So naturally, we started down the path of medications, but having lived an entire lifetime in only 27 years makes for a lot of good, bad, and the ugly. Not enough stimulation would cause me to be mindless all day long. Too much stimulation would cause me to spike with so much energy that my heart would temporarily crap out and then, for the rest of the day, I would be completely worthless. And on the tail end, the strongest sleep medications meant that I spent the entire night in REM (like a normal person!) and unable to escape the nightmares of an unlocked subconscious. So, despite the world’s strongest sleep medication (and yes, I was on it), my body would spend the entire night fighting to be awake and get away from the internal life that was haunting me. As a result, after months of fending off the medication, I was left wide awake with hallucinations. My life became a waking nightmare and I was completely unaware of my reality so much so that I tried desperately to get out of a 26th floor window without ever realizing that this reality was not another nightmare.
Likewise, sleeping medication that wasn’t strong enough meant that I never went to sleep and I would suffer a mild case of the very same problem – where my body was fighting to stay awake while something chemical was shutting everything down inside of me.
Today, in this brief health class, the specialist brought up a few herbal answers to a constant fight of flight response, and it suddenly dawned on me how narcolepsy causes the dominoes to fall, one by one, until your life is completely toppled over and out of place.
Most things she brought up, I couldn’t even pretend to apply to my life. I don’t need anything keeping me more stimulated than my long-practiced stress response. Until I can relax well enough to actually let a simulator be the only thing that keeps me awake, most of what I need is to be able to deal with the chemical stress response caused by the simulators I can no longer live without in order to be a contributing member to society. So, according to this specialist, I need magnesium.
Everything I crave and tend to overeat just so happens to be a natural magnesium supplement: dark chocolate, almonds, eggs, avocados, oats. In conjunction, magnesium is flushed from your system with calcium, and I have almost no natural calcium intake whatsoever because I don’t eat or drink much dairy of any kind. As such, I’m deficient on both levels.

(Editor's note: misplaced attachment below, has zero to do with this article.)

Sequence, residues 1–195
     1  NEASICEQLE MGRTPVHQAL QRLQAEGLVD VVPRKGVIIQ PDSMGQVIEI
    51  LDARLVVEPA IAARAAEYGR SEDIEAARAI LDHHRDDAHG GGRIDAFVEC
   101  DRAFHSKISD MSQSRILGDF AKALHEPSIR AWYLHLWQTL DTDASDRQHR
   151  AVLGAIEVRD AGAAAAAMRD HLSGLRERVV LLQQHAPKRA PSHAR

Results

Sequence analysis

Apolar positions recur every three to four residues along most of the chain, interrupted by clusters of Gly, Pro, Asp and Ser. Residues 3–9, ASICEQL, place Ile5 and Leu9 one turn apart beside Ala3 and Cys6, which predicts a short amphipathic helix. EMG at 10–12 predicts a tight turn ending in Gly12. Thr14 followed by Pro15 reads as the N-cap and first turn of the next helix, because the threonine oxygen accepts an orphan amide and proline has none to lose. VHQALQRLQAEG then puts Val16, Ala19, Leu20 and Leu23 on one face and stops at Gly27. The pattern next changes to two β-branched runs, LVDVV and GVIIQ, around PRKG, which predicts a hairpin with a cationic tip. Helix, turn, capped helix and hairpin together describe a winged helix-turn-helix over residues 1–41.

Magnesium helps us properly transfer adrenaline through our bodies when overstimulated. It allows us to not store all that energy into tension. Without properly dealing with the stress-response, muscles will over tighten, and for me (someone that over produced adrenaline at the most inopportune times) lower back pain becomes excruciating at times because the adrenal glands are basically poisoning your kidneys (which, by the way, I know from past kidney problems is an indicator of plummeting potassium levels). And since my body is sloughing off any magnesium it does have, I am losing calcium faster than I am getting it which is why these extreme workout schedules that I’ve added to my life in order to give myself the illusion of a new, ultra crazy do-all-the-things schedule end up manifesting in extreme joint pain and stress fractures.
Suddenly, the complete circle of my life is seen. While, for the most part, I can’t really do anything more about it than I’m already doing, adding another piece to the puzzle allows me to see the big picture of knowing what I am capable of and when I am on the right path.
I have friends with similar struggles through very different problems and they often come to me amazed by what it is I can do “despite it all.” But, I am no machine. I am no miracle worker. I assure you that behind the scenes, I have battled daemons most days of my life in order to appear even partially composed in the daylight of life’s public eye.